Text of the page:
Whether this agreement works depends on two factors: the quality and commitment of the agencies comprising the School Conflict Diversion Committee and the policies and procedures addressing discipline before the committee steps in. Just because a student commits a first offense shouldn’t mean there are no consequences.
Given the scope of the issue, once-per-week meetings by the committee may not be enough to address the volume of the very serious problems facing the school system and the community. This agreement has a mechanism for amending it, and that work should start now.
Each agency is committing resources to this effort -- probably more than anticipated -- but the discipline problems in our schools should be the No. 1 priority. Monday, a called school board meeting will deal with that one single issue.
While these protocols have the potential to plug what is called the “school-to-prison pipeline,” every aspect of infrastructure should be in place before implementation. The school board should tell the administration to proceed immediately, although it cannot move faster than its partners.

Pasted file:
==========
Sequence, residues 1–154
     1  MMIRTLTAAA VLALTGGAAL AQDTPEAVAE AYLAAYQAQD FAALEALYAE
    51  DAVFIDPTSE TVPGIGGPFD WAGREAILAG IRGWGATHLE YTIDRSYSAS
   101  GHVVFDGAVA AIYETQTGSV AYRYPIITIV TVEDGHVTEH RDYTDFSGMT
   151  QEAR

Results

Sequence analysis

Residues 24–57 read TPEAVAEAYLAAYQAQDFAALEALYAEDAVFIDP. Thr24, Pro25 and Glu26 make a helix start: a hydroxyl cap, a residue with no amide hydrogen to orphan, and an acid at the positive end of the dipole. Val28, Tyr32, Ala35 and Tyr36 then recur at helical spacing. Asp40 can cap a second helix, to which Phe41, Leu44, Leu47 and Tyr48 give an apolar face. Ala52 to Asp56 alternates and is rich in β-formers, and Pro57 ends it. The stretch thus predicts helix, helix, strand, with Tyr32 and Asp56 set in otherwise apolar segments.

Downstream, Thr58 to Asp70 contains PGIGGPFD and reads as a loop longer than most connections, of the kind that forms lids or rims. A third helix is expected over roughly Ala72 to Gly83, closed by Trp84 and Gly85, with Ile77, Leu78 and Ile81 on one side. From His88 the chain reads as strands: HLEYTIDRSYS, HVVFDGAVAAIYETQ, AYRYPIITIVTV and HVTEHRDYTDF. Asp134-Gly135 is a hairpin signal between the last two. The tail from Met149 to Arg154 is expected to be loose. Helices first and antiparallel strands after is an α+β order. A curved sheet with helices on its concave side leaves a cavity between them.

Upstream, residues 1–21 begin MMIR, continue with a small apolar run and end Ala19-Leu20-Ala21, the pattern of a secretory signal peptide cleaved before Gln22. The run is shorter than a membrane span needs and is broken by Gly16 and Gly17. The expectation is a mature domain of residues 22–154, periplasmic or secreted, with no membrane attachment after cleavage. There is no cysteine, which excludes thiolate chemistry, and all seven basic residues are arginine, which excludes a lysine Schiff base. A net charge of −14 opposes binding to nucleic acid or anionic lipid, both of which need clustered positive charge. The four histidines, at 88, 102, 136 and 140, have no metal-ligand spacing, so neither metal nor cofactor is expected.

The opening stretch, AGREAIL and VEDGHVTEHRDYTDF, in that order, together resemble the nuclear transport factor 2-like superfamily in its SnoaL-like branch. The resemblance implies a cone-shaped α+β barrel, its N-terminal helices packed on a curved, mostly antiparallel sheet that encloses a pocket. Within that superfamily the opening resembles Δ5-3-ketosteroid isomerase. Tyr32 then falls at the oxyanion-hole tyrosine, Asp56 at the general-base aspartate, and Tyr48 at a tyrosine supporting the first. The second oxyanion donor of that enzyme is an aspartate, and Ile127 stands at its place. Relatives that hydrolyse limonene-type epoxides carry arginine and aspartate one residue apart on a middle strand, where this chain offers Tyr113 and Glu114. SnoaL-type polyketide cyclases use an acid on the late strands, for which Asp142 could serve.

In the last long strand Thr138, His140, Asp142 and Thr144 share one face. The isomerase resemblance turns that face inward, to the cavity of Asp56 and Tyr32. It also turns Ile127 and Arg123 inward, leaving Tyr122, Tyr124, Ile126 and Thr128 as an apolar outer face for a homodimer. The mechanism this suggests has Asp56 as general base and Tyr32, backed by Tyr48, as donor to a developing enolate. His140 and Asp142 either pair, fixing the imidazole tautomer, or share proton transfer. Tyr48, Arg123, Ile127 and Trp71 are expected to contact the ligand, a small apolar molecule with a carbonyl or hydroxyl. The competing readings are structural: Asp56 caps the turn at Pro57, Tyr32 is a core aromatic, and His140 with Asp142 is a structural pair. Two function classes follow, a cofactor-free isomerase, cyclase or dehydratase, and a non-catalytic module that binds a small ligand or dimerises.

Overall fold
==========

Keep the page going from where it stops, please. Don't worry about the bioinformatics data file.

The system seems to have responded to the week’s incidents appropriately. Information was disseminated in a much better, while not perfect, manner and parents were notified through automatic messages. Still, the district has a long road to travel to achieve the transparency residents deserve.
The agreement between the various agencies is a step in the right direction. It recognizes the discipline issues of our schools are a reflection of our community, and in many ways, we are reaping what we’ve sown. Decades of neglect has brought us to this precipice.
We have had discipline problems in our schools for decades. What we have been doing -- kicking students out onto the mean streets only to invite then to occupy our jails -- hasn’t worked. There must be a better way and this cooperative agreement is worth a try.
-- The Editorial Board